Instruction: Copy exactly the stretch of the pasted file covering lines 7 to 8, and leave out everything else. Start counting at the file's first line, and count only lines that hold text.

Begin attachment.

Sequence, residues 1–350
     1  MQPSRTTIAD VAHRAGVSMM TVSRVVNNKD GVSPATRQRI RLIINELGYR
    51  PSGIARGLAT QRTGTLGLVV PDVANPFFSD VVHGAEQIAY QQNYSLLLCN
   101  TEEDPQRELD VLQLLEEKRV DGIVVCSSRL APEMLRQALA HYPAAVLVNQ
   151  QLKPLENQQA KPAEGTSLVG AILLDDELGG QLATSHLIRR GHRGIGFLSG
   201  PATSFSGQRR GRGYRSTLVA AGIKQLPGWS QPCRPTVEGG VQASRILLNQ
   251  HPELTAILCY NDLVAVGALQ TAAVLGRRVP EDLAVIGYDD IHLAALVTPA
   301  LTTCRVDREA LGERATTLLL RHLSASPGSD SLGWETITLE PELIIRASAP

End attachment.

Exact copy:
   251  HPELTAILCY NDLVAVGALQ TAAVLGRRVP EDLAVIGYDD IHLAALVTPA
   301  LTTCRVDREA LGERATTLLL RHLSASPGSD SLGWETITLE PELIIRASAP